Toronto Film Society presented Gun Crazy (1950) on Monday, July 31, 2017 in a double bill with Born to Kill as part of the Season 70 Summer Series, Programme 4.
Toronto Film Society presented Gun Crazy (1949) on Monday, November 24, 1975 in a double bill with Stage Door as part of the Season 28 Monday Evening Film Buff Series, Programme 1.
Production Company: King Brothers Production. A United Artists Release. Producers: Frank and Maurice King. Director: Joseph H. Lewis. Screenplay: MacKinlay Kantor and Millard Kaufman (from a story by MacKinlay Kantor). Photography: Russel Harlan. Film Editor: Harry Gerstad. Art Director: Gordon Wiles. Music: Stuart Fryt.
Cast: John Dall (Bart Tare), Peggy Cummins (Annie Laurie Starr), Barry Kroeger (Packett), Annabel Shaw (Ruby Tare), Harry Lewis (Clyde Boston), Morris Carnovsky (Judge Willoughby), Stanley Praeger (Bluey-Bluey), Nedrick Young (Dave Allister), and Trevor Bardette, Mickey Little, Rusty Tamblyn, Paul Frisson, Dave Blair, Virginia Farmer, Anne O’Neal, Frances Irwin, Don Beddoe, Robert Osterloh, Shimen Ruskin, Ray Teal and Eddie Dunn.
One way of looking at Gun Crazy is to see it as a story about star-crossed lovers. If that brings to mind Romeo and Juliet, then continue onto another fork in the road to lovers Jennifer Jones and Gregory Peck in 1946s Duel in the Sun or again Jennifer Jones and Charlton Heston in 1952s Ruby Gentry.
Director Joseph H. Lewis, a noir veteran, began his career in the 1930s, directing westerns for Universal and Columbia, and became known by the crew as “Wagon Wheel Joe,” for his habit of dragging half a broken wagon wheel from shot to shot, urging the cameraman to frame each scene through the spokes of the battered wheel for an added Brechtian effect. Abandoning westerns, Lewis began a frenzied round of freelancing that took him from Poverty Row studios to the majors, with such films as the 1942 disquieting horror Universal film The Mad Doctor of Market Street and the astonishing Secrets of a Coed (aka The Silent Witness) also 1942, which opens with a continued ten-minute take of a courtroom scene that predates Alfred Hitchcock’s 1948 long-take experiments in Rope. Lewis designed the shot starting off in a wide shot, then moving across the jury box to get close-ups of the witness stand, the judge, and various shots of the spectators—all in one continuous take.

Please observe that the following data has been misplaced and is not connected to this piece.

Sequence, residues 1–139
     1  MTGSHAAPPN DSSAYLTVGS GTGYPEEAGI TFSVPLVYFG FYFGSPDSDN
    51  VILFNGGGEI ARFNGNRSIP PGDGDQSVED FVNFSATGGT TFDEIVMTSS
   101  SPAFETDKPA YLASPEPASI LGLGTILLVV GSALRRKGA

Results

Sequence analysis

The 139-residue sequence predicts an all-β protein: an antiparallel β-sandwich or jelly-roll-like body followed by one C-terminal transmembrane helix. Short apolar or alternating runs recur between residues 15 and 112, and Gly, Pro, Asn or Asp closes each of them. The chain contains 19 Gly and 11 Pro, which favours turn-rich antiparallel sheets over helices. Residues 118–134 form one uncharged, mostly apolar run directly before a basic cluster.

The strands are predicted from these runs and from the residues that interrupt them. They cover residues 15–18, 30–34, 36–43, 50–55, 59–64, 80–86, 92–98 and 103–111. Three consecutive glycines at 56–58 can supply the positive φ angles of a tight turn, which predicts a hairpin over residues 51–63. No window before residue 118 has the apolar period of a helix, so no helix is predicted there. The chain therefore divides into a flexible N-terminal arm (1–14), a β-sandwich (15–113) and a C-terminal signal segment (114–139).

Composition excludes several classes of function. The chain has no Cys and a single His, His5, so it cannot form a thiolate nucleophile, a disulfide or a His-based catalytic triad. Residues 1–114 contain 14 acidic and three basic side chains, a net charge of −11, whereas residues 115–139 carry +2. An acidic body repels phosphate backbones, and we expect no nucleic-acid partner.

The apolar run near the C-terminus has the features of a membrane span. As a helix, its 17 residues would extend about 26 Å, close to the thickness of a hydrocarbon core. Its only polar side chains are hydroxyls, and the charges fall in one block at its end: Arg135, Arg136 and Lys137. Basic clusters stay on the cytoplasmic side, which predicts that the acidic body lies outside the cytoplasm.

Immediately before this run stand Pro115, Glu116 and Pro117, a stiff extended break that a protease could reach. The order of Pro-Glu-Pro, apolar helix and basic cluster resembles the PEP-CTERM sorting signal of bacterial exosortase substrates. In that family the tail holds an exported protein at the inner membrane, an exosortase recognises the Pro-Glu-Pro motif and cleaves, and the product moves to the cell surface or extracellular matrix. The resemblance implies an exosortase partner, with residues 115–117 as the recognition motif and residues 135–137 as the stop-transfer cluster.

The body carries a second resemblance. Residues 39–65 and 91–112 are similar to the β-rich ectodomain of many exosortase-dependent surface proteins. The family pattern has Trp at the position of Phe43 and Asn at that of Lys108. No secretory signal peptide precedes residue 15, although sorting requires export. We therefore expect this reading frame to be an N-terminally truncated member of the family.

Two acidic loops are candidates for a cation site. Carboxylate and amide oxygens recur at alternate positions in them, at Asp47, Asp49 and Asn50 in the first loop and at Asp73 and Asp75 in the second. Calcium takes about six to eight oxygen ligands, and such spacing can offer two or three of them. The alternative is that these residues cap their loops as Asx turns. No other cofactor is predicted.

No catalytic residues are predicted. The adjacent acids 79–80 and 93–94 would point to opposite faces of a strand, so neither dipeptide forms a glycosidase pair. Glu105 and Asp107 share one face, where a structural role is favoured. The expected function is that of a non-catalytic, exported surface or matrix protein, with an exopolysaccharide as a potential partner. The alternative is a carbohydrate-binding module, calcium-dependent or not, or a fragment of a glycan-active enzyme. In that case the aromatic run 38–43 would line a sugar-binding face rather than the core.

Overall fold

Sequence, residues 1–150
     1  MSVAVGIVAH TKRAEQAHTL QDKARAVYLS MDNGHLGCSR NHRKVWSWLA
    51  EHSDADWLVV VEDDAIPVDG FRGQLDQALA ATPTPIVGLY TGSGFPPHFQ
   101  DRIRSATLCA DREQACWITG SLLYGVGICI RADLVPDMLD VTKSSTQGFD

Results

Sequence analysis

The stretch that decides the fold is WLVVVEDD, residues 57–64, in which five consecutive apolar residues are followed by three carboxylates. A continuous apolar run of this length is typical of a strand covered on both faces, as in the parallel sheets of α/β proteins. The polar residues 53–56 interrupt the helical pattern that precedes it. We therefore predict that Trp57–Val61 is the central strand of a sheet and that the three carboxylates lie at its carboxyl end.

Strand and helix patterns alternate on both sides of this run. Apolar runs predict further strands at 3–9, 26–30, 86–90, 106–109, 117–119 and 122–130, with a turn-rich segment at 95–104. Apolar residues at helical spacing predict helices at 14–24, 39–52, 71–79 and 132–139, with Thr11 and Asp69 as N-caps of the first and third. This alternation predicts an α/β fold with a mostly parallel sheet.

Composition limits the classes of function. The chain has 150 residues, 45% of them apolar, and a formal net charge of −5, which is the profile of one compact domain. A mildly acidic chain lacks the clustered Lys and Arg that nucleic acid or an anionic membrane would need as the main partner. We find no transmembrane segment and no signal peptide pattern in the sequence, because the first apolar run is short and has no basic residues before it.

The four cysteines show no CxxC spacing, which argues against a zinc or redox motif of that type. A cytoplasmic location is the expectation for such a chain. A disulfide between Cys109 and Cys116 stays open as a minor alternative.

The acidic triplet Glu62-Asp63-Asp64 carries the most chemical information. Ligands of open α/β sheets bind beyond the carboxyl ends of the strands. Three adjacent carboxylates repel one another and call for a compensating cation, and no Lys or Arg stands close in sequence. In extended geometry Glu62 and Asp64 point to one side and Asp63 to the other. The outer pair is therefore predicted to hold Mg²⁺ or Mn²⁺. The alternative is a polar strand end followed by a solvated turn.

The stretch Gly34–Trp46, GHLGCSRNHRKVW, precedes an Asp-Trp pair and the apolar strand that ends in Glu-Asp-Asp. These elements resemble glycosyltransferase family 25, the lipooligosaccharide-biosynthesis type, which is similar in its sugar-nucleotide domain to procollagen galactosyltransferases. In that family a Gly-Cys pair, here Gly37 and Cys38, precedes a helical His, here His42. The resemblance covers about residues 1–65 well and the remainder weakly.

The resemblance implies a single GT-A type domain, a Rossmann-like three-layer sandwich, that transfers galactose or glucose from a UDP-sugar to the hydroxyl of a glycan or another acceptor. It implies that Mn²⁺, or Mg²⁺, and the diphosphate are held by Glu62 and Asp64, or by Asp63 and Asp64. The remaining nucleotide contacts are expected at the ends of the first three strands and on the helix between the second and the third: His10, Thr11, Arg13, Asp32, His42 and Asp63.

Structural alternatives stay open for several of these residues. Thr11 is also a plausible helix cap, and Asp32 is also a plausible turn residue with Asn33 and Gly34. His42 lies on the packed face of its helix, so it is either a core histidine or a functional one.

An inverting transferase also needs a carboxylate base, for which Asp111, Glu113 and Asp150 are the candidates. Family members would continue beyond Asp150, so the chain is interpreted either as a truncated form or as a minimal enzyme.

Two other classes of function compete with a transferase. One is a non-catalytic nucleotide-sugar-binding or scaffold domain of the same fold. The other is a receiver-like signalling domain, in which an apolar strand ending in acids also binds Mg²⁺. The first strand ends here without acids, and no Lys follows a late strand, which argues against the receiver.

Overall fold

In Gun Crazy you will notice a three-minute, twenty-seven-second uninterrupted take, as Laurie looks for a place to park. They are attired as cowboys, garb which suggests the unpredictable danger of the Old West, as well as the couple’s instability. Similarly, the pair’s intermittent periods of privation suggest the urgency of a Great Depression story, but that, too, is past. This is 1950, when the American economy was on a postwar rebound and jobs were becoming plentiful. It’s not just that our couple are anachronisms reminiscent of the Old West and the Depression—the truth is that they are lazy! And our characters are both aware of this.